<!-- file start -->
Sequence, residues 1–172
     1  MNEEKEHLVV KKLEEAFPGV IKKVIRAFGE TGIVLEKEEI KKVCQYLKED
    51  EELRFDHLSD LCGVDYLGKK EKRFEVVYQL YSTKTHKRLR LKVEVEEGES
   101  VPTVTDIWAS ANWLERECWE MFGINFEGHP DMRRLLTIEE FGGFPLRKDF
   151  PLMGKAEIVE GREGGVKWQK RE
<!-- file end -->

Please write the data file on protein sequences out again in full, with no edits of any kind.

Sequence, residues 1–172
     1  MNEEKEHLVV KKLEEAFPGV IKKVIRAFGE TGIVLEKEEI KKVCQYLKED
    51  EELRFDHLSD LCGVDYLGKK EKRFEVVYQL YSTKTHKRLR LKVEVEEGES
   101  VPTVTDIWAS ANWLERECWE MFGINFEGHP DMRRLLTIEE FGGFPLRKDF
   151  PLMGKAEIVE GREGGVKWQK RE